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This 911 Dispatcher Steps In After Receiving An Adorable Call From A Little Boy

This turned out to be a more serious problem than Bundy had thought.

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While police officers and other first responders deserve every single ounce of credit we give them, and so much more, for their tough, demanding jobs, there’s a member of society we often overlook: the 911 dispatcher.

Acting as the conduit between us in our emergencies and the appropriate first responder who can help us, the dispatcher often hears callers in their most terrified and distraught states and must pin down key details, often through sobs or screams.

Antonia Bundy likely knew exactly what to expect when she became a dispatcher in Lafayette, Indiana, until the day she fielded an unexpected 911 call from a little boy in trouble.

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“Hi, um, can you hear me?” the boy said, sounding a little bit nervous to make the call.

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Bundy responded in a sweet voice to the child that she can hear him, so the young man sheepishly continued his call.

“Umm, I had a really bad day and I just… I don’t know,” the little guy said, dejectedly.

“You had a bad day at school?” Bundy politely probed for details to determine the boy’s emergency.

“Yeah, I just came to tell you that,” the poor little guy answered.

Upon realizing that the boy’s call was clearly not an emergency, it seems Bundy would have had two options: first, she could scold him for abusing the emergency number, or, she could simply hang up on him and move onto more urgent calls.

However, Bundy’s demeanor and tone toward the boy never once sharpened. The boy had called during a time where the dispatch office was well-staffed and not receiving many other calls, so the kind young lady proceeded with the call and lent the boy a listening ear.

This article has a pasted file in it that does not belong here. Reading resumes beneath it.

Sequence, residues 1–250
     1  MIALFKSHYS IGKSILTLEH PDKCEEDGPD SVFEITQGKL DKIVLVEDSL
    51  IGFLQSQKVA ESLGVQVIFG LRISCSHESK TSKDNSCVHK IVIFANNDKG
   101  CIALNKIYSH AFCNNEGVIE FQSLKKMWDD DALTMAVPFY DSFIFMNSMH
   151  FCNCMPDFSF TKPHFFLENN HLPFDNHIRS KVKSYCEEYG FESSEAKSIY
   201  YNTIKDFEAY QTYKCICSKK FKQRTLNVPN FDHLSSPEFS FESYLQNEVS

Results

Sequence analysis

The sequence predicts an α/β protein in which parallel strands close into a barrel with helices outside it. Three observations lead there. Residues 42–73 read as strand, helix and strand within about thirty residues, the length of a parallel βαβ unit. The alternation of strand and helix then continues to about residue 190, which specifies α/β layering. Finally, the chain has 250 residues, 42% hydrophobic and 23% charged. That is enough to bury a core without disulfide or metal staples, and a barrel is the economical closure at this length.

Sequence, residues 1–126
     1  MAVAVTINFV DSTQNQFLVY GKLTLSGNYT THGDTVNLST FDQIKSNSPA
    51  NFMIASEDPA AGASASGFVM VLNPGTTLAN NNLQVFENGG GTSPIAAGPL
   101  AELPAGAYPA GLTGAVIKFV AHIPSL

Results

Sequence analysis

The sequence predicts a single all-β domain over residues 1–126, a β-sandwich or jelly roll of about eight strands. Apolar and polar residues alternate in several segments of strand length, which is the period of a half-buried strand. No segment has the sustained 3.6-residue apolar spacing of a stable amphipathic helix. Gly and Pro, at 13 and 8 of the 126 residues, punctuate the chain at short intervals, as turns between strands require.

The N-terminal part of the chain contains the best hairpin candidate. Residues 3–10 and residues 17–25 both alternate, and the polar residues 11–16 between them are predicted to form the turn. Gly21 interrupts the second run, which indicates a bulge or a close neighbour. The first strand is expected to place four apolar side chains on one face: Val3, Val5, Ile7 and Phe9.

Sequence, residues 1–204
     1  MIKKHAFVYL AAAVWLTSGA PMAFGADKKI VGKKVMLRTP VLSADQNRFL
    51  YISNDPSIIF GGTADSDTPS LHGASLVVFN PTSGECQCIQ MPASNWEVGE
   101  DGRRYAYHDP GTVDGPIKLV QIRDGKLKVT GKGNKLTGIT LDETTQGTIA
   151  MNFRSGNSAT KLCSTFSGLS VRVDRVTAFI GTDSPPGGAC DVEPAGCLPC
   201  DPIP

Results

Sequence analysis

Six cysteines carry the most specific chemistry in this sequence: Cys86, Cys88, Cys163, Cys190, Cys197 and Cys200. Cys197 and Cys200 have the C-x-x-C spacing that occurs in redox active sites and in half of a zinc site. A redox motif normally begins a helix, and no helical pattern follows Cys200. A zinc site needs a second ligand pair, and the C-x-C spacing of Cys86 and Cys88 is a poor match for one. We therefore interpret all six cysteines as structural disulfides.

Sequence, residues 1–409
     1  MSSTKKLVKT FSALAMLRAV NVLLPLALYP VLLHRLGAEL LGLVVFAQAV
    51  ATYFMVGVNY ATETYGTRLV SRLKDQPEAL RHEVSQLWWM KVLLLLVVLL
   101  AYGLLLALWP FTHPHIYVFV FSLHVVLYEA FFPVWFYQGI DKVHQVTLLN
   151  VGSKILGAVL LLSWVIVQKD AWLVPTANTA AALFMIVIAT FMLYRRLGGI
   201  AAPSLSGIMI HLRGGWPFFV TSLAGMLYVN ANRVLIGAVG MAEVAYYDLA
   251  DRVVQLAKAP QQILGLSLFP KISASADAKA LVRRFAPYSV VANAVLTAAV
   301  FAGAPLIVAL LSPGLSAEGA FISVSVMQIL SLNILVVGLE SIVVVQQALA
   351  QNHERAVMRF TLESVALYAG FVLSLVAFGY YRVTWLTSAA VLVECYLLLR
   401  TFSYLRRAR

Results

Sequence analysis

https://twitter.com/LafayetteINPD/status/1088892862731833347

“What happened at school that made you have a bad day?” Bundy asked the child, to which he replied that he had been overburdened with homework in the most dreaded subject of all: math.

Not just any math, mind you. Fractions. This turned out to be a more serious problem than Bundy had thought.

The little boy’s tone actually brightened up significantly, as if he realized that Bundy could have been much less kind than she was, and the pair proceeded to tackle a tricky math problem.

As Bundy guided him through the steps, the boy slowly began to understand the technique for adding fractions and, if you listen closely, you can hear a jolt of excitement in his voice when he solves the problem.

Bundy seemed willing to proceed with more homework help, but the boy thanked her and apologized for calling, but he “really needed help.”

Full of sweetness and class, Bundy simply said, “you’re fine! We’re always here to help.”

This young woman may have a long, challenging career ahead of her as a dispatcher, but here’s hoping she always looks back fondly on this little boy’s call and remembers that she’s doing her part to serve her community well.